To answer Stevie Wonder...'s question, I think that that moment was a "turning point" in their relationship because it was another instance in which Stevens cut off Miss Kenton emotionally. I thought that it was simply another missed opportunity for Stevens to show his feelings for her.
I have to say, however, that overall I found the book a bit boring.
The ending was sad, however, and I didn't think the reason for that was so much because of Stevens' regrets. I found it sad becuase, in a matter of five days of self-reflection and reflection on Lord Darlington's dignity, Stevens realized that his whole life had been basically a sham. Because Stevens was so dedicated to his profession, the validity and importance of which is now questioned, it appears as though he had lived for nothing.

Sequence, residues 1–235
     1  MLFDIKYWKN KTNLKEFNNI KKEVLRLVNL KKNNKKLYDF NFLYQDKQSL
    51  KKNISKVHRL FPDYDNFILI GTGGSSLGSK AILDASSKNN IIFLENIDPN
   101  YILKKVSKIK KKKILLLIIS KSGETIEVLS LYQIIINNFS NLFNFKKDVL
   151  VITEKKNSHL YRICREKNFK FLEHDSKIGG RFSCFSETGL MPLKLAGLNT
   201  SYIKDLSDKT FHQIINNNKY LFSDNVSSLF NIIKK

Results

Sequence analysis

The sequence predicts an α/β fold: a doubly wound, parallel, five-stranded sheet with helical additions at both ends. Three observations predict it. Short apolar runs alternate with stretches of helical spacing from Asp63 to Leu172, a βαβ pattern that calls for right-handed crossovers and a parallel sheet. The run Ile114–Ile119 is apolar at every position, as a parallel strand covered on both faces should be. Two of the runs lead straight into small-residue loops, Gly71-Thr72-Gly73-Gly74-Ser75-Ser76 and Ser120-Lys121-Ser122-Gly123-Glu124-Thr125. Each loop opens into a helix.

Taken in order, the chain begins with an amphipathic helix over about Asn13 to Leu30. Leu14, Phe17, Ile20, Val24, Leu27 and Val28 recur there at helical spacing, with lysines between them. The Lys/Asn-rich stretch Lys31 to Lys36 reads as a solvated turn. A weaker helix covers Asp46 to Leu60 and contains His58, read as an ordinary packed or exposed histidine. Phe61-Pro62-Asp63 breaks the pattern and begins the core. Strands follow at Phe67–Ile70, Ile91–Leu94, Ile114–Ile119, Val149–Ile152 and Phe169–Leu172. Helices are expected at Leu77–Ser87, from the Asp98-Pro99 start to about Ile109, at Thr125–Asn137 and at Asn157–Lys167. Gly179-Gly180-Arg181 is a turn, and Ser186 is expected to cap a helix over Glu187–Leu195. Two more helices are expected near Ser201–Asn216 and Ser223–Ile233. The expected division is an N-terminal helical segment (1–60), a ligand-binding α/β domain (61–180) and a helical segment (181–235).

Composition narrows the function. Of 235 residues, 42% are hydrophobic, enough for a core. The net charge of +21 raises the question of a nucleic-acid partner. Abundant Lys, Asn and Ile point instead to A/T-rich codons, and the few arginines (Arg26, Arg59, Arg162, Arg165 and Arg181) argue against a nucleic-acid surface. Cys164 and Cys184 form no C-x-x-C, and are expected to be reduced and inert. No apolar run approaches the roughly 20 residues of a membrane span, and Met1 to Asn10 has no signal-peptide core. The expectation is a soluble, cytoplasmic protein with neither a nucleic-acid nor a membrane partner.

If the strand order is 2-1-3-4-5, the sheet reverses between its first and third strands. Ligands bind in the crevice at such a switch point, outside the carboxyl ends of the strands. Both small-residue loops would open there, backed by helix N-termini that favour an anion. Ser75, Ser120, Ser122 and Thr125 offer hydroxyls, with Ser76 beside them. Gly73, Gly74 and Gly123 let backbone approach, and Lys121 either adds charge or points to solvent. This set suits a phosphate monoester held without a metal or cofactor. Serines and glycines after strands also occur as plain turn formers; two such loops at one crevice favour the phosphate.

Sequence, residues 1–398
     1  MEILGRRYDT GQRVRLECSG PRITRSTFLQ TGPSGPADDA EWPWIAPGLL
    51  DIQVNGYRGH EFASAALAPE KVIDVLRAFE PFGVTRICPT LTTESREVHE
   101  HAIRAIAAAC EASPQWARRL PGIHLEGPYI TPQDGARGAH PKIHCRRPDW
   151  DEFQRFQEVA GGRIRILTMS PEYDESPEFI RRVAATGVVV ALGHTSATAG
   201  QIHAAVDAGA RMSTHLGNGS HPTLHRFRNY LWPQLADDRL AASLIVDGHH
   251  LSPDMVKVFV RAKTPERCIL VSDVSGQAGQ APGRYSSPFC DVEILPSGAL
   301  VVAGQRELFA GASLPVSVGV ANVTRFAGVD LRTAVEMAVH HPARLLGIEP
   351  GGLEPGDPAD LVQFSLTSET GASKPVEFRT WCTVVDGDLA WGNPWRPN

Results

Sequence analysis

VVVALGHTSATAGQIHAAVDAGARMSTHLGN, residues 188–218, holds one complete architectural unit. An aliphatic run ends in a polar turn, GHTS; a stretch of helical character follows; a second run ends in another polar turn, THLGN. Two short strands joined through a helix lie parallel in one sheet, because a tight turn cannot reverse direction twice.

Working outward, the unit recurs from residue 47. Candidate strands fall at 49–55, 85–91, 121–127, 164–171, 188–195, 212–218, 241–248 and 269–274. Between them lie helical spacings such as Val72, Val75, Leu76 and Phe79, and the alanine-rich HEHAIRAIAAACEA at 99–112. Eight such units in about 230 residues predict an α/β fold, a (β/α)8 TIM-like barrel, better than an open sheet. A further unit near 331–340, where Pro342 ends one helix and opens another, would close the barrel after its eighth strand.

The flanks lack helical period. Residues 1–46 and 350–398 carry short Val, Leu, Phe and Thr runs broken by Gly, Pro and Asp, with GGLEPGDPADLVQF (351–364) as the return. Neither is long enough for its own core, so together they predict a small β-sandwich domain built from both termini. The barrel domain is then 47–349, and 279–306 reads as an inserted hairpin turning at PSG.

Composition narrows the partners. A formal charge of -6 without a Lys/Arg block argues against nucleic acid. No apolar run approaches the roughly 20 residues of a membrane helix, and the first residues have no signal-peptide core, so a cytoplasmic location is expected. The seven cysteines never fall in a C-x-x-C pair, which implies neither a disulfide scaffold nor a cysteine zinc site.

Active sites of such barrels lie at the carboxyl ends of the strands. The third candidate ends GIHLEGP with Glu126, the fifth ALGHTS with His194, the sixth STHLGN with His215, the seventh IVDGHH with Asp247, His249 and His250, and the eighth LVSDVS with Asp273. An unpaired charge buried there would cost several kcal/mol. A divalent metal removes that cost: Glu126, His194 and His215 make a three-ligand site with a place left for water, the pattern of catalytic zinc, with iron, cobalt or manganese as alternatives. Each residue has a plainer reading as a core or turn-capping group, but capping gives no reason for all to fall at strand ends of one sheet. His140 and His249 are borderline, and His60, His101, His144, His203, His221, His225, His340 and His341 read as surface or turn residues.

It was also a bit depressing that Stevens clearly misinterpreted Miss Kenton's slight unhappiness as a sign that she wished to come back to Darlington Hall, and possibly to be with him; this was simply wishful thinking on his part. It didn't really surprise me, however. Also, when he discussed Miss Kenton were the only times Stevens showed any sort of emotion; when she told him she had no intention of coming back to work, he confessed deep pain to the reader for the first time in the novel.